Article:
3.1. The CMB fluctuation spectrum
The most straight forward approach to estimate the total matter and energy density of the Universe (ie., the total ) is by means of the measurement of the fluctuation spectrum of the CMB. Before recombination at z 1100, the baryons and photons are tightly coupled, oscillating acoustically due to gravity (on sub-horizon scales). Only after recombination do the acoustic oscillations stop and the density fluctuations grow. The fluctuations emerging from the last scattering surface are a series of peaks and troughs [169] and as the different wave-lengths are projected to different angular scales on the last scattering surface and depending on the underlying cosmological model, they produce a characteristic structure of peaks on the CMB power spectrum (for a recent review see [98] and references therein). This method is in effect based in measuring the angular extent of a physical scale on the last scattering surface. The curvature of space enters through the angular distance to the last scattering surface. Therefore, the same physical scale will be projected to a smaller angular scale on the CMB sky in a positively curved background, while it will be projected to a larger angular scale in a flat or to an even larger scale in a negatively curved background space.
To define the CMB power spectrum one starts by expanding the temperature fluctuations of the CMB sky in spherical harmonics:
(64) |
then if the fluctuations are Gaussian, the 2-point correlation function contains all the statistical information, and can be defined as:
(65) |
where W_{} is the window function representing the beam characteristics of the experimental apparatus used to observe the CMB sky, while the average is over all positions on the sky. One then invokes the ergotic theorem, ie, that the above average is equivalent to being over different realizations of our Universe. Then assuming random phases one can define the CMB power spectrum C_{} as the ensemble average of the coefficients a_{m}:
The different cosmological parameters will reflect onto a different structure of peaks in the structure of the CMB power spectrum. The position of the first peak is determined by the global mass/energy density of the Universe and the dependence of _{peak} on can be approximated by:
(66) |
Note however, that this approximation is not correct in -dominated universes and small corrections should be applied (cf. [99]). Many recent experiments like the BOMMERANG, MAXIMA and DASI (cf. [44], [43], [90], [164], [130]) find:
Many other cosmological parameters (for example _{m}, _{}, H_{0}, baryon content of the universe, the spectral index n of the inflationary perturbation spectrum, etc) affect the structure of the peaks, beyond the first one (cf. [71]). Determining the CMB spectrum up to a few thousand 's can put strong constraints on these parameters. Current experiments trace the CMB spectrum up to ~ 1000 and indeed they have detected two more significant peaks at roughly ~ 540 and 840 [43] (see Fig.6).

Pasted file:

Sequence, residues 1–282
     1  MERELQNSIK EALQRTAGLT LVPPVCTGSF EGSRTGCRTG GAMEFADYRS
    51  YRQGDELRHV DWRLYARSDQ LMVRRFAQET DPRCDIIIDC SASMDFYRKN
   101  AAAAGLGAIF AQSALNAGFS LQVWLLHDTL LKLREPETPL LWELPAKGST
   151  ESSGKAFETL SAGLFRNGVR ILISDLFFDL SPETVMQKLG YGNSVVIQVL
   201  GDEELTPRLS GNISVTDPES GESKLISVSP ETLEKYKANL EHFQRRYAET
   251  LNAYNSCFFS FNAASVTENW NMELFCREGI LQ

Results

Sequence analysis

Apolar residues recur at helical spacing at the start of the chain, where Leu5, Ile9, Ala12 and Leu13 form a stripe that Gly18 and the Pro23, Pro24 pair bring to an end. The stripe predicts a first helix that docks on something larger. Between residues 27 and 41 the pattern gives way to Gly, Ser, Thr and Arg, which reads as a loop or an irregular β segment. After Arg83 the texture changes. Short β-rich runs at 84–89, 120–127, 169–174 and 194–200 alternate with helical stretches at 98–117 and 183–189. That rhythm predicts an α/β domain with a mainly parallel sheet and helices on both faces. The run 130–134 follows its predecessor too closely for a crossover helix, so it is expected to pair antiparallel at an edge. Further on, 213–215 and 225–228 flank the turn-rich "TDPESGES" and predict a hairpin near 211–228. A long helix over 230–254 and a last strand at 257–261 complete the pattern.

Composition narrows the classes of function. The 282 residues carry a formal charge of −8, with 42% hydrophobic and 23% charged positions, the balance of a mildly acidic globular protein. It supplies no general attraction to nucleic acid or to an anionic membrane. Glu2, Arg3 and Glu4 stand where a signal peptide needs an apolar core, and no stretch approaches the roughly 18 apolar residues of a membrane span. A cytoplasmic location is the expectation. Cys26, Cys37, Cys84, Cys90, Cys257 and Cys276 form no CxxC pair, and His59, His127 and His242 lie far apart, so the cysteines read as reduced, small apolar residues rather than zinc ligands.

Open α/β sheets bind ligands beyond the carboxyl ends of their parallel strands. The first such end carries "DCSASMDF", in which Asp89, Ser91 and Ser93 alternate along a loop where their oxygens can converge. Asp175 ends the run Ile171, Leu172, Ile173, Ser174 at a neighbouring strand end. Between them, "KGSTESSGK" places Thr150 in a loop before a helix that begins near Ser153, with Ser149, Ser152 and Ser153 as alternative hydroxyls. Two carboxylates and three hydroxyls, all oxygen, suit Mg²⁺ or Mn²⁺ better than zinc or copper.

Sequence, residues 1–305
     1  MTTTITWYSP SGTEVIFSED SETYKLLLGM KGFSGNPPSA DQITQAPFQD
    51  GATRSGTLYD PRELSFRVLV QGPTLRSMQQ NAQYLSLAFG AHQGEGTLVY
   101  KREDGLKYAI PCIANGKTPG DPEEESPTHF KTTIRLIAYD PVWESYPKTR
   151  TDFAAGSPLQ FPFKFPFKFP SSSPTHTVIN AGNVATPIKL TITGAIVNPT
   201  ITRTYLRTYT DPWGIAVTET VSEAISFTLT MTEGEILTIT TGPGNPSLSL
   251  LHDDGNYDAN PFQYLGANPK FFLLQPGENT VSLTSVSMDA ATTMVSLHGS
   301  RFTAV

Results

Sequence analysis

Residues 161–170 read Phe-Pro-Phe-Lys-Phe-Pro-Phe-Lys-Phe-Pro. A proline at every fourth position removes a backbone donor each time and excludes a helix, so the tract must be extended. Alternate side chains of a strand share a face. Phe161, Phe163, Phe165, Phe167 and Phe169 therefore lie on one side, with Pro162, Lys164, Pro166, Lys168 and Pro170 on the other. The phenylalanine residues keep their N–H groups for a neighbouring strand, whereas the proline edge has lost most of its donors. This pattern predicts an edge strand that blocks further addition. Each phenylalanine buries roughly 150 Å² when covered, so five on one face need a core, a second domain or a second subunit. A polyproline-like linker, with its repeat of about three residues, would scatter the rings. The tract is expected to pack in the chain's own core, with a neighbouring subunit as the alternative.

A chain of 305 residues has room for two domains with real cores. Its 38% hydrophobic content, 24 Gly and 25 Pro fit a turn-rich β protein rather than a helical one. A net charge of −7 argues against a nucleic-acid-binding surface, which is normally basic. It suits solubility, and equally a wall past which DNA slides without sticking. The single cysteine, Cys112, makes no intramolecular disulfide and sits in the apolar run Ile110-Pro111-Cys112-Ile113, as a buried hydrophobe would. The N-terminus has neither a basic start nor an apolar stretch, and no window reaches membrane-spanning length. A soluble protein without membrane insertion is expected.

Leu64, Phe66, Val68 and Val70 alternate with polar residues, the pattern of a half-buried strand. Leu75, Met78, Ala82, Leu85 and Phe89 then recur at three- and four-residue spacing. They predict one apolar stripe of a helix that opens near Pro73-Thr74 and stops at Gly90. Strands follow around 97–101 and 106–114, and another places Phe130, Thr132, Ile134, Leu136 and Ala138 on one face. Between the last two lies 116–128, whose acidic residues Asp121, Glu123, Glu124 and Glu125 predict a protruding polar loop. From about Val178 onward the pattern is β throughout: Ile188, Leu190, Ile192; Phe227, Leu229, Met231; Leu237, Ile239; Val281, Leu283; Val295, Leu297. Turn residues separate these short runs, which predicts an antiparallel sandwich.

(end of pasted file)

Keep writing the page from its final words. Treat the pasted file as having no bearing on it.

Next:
Figure 6. CMB spectrum from the BOMMERANG, MAXIMA and DASI experiments with the error boxes of the measurements. The predictions of the popular inflationary model and one non-Gaussian (global texture) model (from [98] with permission). |
Note however, that different combinations of the cosmological parameters can conspire to produce exactly the same CMB spectrum; this is the so called degeneracy problem (see Fig.7) and therefore in order to provide limits to these cosmological parameters one needs to assume priors and/or constrain different combinations of these parameters. However, the more accurate the derived CMB spectrum the weaker the necessary priors ^{(2)}.
Figure 7. Different combinations of the cosmological parameters can result in the same CMB power-spectrum - degeneracy problem (form [99] with permission). |
The latest data and CMB spectrum analysis provides very stringent constraints to the baryon content of the Universe: _{b} h^{2} 0.022_{-0.003}^{+0.004}, consistent with the primordial nucleosynthesis constraints (see 63), and to the spectral index of the power spectrum of primordial perturbations: n 0.96 ± 0.1 [43]. Furthermore, combined analyses with other cosmological data, can be used to break the above mentioned degenerecies (see below).
^{2} With the new CMB experiments - MAP and PLANCK - the CMB power spectrum will be determined to an unprecedent detail, providing extremely accurate values for more than 10 cosmological parameters [160] Back.